“Mamma Mia: Here We Go Again” Theatrical Review
Mamma Mia: Here We Go Again is not consistently entertaining, but by the end, you’ll likely be tapping your toes and quietly singing along. The sequel to 2008’s Mamma Mia is not nearly as entertaining as the original because it must make do with lesser known ABBA tunes. There are some hits scattered throughout such as “Waterloo,” but most of the songs featured in the first half of the film are not as recognizable.
For instance, the movie opens with “When I Kissed the Teacher,” a song that barely cracked the top 100 in most European countries. The song is poppy, and with it, the director showcases Lily James’ lively personality as Young Donna (Meryl Streep initially played Donna in the 2008 movie). However, James doesn’t have a powerhouse voice that properly throws the audience into this musical adventure.
Naturally, the showstopper usually falls later in a musical, but with film, there should be an early opening number that has the power to pull the audience into a new harmonious world. “When I Kissed the Teacher” just left me scratching my head wondering why this young woman ruined a college graduation ceremony. Perhaps that’s the academic in me.
Young Donna’s story plays out opposite her daughter’s in present time, and young Donna has the more engaging plot because she’s exploring beautiful locations and meeting somewhat handsome men with long locks. However, Amanda Seyfried as Sophie, Donna’s daughter, has the more entertaining actors on her side of the story. Julie Walters and Christine Baranski steal the show with two brands of comedy.
Baranski is a confident older woman eyeing every delicious male treat while Walters is barely keeping up with her salacious friend. The dynamic reminded me quite a bit of Rue McClanahan and Betty White on The Golden Girls. Baranski and Walters deserved a spin-off, the less practiced young actors should have taken a backseat to them.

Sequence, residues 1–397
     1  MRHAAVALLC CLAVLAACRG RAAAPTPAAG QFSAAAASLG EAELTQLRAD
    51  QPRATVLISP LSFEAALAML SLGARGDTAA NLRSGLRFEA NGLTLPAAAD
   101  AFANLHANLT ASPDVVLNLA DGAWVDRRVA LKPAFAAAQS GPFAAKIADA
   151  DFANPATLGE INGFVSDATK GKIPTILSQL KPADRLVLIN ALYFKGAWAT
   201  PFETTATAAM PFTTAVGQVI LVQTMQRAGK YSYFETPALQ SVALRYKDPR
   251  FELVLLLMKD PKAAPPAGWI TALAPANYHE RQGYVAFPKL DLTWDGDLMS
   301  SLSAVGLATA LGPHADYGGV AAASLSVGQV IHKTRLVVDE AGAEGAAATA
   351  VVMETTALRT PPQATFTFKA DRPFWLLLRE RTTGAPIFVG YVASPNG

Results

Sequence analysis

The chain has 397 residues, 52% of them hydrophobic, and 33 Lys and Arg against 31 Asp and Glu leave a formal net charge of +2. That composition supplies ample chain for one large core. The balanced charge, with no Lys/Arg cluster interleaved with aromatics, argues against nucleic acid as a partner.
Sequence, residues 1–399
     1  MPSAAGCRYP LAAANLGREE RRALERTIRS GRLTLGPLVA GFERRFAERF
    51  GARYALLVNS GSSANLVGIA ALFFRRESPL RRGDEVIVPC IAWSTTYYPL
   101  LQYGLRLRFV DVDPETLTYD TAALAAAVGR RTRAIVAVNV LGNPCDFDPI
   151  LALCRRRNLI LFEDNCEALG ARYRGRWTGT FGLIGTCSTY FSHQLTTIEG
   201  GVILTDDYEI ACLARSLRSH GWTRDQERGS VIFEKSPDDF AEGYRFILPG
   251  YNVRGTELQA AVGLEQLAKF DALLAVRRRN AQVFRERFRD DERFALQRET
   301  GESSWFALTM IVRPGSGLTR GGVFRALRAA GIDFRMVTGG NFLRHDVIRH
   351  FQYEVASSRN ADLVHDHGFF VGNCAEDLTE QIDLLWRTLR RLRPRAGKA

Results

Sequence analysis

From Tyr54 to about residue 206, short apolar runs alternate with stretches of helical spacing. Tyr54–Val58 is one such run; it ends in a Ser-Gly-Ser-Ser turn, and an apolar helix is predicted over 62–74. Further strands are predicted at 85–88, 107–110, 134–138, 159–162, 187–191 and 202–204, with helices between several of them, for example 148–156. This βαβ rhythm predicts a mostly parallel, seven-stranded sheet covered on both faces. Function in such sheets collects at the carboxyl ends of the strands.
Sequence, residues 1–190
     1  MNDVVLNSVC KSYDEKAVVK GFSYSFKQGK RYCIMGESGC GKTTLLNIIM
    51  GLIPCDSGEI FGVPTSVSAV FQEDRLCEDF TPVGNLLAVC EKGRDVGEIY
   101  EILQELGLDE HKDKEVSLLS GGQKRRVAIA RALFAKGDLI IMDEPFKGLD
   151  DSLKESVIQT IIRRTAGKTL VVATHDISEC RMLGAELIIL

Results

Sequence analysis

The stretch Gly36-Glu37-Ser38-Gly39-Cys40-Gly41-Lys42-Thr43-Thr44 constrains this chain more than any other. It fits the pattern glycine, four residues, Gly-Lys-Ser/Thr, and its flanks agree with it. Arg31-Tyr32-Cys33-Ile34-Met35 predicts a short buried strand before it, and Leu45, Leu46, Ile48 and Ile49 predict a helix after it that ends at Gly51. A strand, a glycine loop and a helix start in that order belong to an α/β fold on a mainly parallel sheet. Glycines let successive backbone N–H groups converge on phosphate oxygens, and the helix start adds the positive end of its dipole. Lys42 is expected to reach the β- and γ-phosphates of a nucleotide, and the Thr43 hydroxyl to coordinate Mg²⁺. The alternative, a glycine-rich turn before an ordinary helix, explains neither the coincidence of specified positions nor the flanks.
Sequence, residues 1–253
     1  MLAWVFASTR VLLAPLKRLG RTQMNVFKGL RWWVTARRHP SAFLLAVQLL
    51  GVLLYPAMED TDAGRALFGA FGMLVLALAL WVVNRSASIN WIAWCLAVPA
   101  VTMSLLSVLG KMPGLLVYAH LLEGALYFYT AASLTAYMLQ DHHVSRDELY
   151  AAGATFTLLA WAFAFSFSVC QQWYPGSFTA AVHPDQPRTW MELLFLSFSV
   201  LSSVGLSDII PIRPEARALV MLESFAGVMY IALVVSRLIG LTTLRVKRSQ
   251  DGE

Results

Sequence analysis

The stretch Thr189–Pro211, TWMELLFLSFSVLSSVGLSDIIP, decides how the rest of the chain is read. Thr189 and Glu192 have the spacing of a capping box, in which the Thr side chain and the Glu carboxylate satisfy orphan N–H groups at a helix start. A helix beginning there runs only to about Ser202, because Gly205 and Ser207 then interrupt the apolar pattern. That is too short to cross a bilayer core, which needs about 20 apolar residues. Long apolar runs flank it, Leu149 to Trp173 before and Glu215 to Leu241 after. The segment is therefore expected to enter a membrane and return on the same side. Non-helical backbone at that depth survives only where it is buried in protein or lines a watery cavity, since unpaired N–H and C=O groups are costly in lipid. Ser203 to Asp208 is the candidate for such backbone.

That said, the actresses who played younger versions of Baranski and Walters do an admirable job. Alexa Davies manages to capture the bumbling and barely behind nature of Walters’ character while still bringing her youthful energy to the role. Jessica Keenan Wynn, on the other hand, manages to embody Baranski and her shrewd but sensual personality completely.
Lily James is also undoubtedly delightful. She has an enchanting smile, she provides the film with a bouncy and fun performance, and she definitely is a talented singer. I just wish there were more opportunities for her to release in-your-face vocals. Her vocal performance is amusing but not quite engrossing. To give her credit, I’m inclined to believe that the performance wasn’t as entertaining because of poor sound mixing and not her performance.
Another thing that bothered me about the film was that Donna is a bit too trusting and naive when being courted by three men. She’s so gullible that you might respond to her actions on screen with, “Oh, honey, no” or “Where are this girl’s parents?”
Each of the men is indeed charming, but she so quickly falls for them that it is slightly concerning. I think families should be wary of this character’s actions because it could send the wrong message to young men and women.
Your daughters might see a person they aspire to be, and the sons might see a person they aspire to be with. And I don’t want to insinuate that the relationships are not consensual, but there are moments between Donna and these men in which the men are manipulative.
Young Harry claims he’s a virgin, and he wants Donna to be his first. Young Bill has a second bed on his houseboat but indicates that it is full of supplies so Donna may have to find comfort closer to him. Finally, Young Sam seems the kindest and most understanding of the three, but it turns out that he has a secret that compromises his relationship with Donna. The moral for young people is, “Certainly have an adventure, but watch out for devious lovers.”
Regardless, Mamma Mia: Here We Go Again is enjoyable especially toward the end when more ABBA standards are re-introduced including “Dancing Queen,” “Fernando,” and of course, “Mamma Mia.”